Stevia Experiment Results

AVOID! The Toxic Truth About Stevia – Jane's Healthy Kitchen

Always read the label right? Well, I’ve been duped again through sheer carelessness! I’ll return to that in a moment.

So I came home from work and with my blood glucose at 5.2 mmol/L. I had a quarter teaspoon of Truvia and waited to see what would happen to my blood sugar. Fifteen minutes later it was at 5.6. After a six kilometre jog, it was up to 7.2. So clearly stevia is not for me. But wait there’s more.

I was wrong yesterday in my post. What I have in my cupboard is an artificial sweetener. True stevia is green and has a bitter, liquorice-like after taste. What was I eating? Truvia. This is, in fact, a blend of highly processed stevia and erythritol. What’s erythritol you ask? It is an artificial sweetener extracted from GMO corn by the good people at Coca-Cola. It makes up the bulk of Truvia. It supposedly has no effect on blood sugar either. That’s not true for me it seems. So I hadn’t read the label carefully. Shame on me again.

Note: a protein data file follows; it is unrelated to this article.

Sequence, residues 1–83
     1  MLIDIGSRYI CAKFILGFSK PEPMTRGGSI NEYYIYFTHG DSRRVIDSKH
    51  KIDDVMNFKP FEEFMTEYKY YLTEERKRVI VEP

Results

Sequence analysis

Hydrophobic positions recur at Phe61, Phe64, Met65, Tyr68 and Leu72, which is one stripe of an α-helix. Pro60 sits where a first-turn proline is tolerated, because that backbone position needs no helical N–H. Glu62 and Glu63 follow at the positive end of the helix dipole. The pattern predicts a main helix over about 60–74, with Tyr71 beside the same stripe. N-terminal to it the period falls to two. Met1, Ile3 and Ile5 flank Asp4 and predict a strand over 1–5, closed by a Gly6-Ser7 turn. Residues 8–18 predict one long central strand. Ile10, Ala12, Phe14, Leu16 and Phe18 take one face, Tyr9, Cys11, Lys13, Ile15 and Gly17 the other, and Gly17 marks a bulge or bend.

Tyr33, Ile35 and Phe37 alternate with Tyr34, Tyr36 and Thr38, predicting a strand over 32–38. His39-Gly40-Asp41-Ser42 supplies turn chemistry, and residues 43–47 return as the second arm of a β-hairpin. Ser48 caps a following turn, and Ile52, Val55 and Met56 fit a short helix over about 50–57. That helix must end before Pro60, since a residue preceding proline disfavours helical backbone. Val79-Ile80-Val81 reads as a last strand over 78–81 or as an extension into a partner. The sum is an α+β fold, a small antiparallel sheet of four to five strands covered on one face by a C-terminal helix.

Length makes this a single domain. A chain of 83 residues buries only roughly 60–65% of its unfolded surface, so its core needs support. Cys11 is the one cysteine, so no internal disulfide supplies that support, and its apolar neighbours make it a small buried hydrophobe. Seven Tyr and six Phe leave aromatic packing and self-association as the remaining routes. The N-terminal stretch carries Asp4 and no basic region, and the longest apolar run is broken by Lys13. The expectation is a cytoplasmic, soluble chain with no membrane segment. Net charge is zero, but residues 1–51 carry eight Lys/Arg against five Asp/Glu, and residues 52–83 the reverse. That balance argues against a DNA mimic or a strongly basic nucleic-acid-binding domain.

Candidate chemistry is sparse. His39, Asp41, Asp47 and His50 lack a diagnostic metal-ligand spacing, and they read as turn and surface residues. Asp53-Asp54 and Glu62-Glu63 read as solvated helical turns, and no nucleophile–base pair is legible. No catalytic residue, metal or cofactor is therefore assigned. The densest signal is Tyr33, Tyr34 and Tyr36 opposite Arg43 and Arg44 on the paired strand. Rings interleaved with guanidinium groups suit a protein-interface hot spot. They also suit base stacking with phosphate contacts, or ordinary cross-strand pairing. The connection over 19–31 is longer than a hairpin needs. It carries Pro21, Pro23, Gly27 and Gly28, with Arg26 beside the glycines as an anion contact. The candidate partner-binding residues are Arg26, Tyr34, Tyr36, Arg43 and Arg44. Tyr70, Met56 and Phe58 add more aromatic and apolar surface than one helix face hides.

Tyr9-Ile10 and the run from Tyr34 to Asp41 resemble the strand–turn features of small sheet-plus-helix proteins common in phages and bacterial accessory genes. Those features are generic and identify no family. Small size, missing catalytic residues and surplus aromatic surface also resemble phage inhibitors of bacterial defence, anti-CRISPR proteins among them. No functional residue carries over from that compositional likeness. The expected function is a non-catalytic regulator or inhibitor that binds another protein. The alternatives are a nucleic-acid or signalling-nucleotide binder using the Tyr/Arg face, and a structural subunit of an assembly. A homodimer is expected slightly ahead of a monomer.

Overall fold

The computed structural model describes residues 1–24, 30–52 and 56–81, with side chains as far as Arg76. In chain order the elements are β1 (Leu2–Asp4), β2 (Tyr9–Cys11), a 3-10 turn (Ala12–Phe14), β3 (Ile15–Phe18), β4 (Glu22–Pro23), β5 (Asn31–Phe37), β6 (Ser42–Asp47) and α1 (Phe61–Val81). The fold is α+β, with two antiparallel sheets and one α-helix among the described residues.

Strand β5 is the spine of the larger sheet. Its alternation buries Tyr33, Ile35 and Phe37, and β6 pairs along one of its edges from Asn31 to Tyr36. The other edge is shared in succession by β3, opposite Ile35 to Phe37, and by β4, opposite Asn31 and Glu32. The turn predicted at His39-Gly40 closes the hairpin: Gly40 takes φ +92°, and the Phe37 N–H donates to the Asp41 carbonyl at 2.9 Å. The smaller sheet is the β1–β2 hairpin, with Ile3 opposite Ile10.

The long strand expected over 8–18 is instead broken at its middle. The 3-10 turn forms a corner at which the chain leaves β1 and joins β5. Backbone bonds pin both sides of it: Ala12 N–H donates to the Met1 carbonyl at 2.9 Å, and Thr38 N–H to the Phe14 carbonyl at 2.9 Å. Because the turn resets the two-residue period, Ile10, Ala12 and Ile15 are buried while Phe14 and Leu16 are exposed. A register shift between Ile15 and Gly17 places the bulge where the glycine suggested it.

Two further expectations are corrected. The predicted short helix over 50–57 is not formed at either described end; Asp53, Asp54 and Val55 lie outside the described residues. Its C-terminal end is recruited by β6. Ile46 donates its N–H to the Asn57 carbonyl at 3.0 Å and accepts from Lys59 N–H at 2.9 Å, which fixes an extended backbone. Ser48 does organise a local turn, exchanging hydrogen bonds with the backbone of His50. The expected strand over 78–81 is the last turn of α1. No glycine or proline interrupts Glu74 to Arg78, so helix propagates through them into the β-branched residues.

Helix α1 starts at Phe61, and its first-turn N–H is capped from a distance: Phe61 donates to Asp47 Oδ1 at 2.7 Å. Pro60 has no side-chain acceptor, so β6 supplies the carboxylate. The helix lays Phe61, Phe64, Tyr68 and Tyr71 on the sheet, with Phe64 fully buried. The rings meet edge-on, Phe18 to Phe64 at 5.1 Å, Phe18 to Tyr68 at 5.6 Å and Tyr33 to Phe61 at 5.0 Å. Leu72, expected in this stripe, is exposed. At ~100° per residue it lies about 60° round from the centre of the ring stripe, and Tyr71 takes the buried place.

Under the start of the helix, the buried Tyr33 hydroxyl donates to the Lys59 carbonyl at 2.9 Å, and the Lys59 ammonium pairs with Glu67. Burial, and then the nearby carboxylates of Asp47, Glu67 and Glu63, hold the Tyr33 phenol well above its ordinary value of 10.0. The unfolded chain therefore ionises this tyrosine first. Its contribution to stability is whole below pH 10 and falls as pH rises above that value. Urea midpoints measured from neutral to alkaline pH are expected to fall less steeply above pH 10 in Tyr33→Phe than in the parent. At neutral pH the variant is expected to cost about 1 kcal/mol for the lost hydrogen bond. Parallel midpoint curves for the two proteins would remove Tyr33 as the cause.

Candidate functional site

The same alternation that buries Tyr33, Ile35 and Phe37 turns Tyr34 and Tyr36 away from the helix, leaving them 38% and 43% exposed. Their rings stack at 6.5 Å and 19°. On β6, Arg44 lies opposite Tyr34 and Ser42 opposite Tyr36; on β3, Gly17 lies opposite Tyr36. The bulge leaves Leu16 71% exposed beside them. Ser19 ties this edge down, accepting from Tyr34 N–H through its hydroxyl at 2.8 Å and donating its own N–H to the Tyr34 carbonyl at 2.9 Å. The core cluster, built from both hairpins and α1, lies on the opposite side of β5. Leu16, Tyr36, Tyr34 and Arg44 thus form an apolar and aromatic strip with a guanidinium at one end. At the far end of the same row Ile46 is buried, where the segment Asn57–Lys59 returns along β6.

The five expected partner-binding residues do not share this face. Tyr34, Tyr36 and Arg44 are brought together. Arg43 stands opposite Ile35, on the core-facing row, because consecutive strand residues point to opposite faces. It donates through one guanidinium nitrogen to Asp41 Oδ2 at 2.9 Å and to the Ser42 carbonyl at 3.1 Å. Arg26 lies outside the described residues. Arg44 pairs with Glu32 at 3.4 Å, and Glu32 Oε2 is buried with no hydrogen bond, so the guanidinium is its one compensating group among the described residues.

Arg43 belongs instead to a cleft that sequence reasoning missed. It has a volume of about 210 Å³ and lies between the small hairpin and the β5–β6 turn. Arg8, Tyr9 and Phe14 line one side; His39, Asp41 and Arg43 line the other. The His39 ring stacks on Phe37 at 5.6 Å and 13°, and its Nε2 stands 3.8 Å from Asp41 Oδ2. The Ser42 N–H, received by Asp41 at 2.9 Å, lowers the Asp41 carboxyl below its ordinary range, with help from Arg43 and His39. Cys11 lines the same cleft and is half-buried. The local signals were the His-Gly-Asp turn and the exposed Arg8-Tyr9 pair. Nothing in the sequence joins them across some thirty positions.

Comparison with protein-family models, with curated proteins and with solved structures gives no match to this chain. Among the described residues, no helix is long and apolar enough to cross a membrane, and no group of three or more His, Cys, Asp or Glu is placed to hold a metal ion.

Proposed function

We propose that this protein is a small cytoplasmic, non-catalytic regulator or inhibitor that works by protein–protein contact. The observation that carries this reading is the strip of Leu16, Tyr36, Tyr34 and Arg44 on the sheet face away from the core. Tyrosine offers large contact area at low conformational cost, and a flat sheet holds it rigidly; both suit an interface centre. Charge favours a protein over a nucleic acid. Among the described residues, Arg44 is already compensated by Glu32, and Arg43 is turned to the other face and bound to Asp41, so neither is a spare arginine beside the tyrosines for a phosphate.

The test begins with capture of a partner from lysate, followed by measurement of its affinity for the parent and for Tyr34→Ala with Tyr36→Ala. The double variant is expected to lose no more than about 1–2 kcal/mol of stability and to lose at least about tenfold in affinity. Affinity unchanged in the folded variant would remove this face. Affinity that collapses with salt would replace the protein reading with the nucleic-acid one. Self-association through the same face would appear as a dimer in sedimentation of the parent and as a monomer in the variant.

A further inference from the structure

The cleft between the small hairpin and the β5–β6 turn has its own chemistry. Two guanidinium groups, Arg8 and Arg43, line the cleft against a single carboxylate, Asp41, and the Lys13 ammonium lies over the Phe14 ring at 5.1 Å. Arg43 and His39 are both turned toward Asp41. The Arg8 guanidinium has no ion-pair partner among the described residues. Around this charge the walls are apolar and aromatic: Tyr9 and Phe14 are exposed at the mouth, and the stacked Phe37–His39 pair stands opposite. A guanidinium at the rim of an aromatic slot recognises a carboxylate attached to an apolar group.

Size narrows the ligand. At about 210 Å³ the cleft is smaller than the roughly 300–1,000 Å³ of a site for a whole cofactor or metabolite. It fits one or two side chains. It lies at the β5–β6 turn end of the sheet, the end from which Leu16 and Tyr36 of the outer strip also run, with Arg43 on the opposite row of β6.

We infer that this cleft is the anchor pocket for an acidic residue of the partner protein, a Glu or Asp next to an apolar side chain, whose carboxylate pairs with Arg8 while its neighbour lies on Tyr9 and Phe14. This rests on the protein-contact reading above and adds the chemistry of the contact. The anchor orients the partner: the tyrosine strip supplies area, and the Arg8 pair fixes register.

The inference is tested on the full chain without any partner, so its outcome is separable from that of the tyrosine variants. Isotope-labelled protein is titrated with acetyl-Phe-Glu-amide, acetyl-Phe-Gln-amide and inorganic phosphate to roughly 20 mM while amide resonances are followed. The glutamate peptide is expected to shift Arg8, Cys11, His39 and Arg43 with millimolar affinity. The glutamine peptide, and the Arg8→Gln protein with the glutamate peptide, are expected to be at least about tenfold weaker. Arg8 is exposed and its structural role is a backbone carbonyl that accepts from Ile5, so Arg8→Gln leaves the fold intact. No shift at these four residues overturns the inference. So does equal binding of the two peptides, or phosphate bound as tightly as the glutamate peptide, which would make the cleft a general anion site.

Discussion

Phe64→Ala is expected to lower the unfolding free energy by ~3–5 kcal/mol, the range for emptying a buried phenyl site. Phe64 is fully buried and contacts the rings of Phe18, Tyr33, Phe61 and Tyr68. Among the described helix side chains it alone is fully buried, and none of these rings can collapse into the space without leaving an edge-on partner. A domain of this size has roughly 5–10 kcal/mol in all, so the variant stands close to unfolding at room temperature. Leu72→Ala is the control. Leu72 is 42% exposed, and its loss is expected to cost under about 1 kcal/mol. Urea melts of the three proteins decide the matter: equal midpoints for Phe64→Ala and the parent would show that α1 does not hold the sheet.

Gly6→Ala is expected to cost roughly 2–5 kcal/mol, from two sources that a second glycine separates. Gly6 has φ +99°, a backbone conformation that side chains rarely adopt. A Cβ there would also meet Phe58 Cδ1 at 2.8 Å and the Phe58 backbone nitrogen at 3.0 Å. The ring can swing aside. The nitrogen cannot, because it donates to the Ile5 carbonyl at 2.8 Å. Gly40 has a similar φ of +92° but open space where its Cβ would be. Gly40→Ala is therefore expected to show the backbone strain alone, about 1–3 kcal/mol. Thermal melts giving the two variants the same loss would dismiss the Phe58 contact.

Now how bad is this processed sweetener for your average bear whose pancreas actually works properly? Don’t know. It depends on who you read.

My go to man, Mark Sisson, argues that as sweeteners go erythritol isn’t too bad. He doesn’t think that Truvia is the devil’s brew, but he doesn’t think it’s good either. At the other end of the spectrum, there are some health food advocates who think that Truvia and other semi-stevia products are just terrible.

Now this little factoid doesn’t prove anything, but it is nevertheless interesting. It seems that fruit flies die very quickly when they eat Truvia:

I’ll let you decide for yourself. Mine’s going in the bin.

I really need to remember what Mrs Featherbottom said, “You should always read the label, you should always read it well!”

Mrs. Featherbottom - Arrested Development Wiki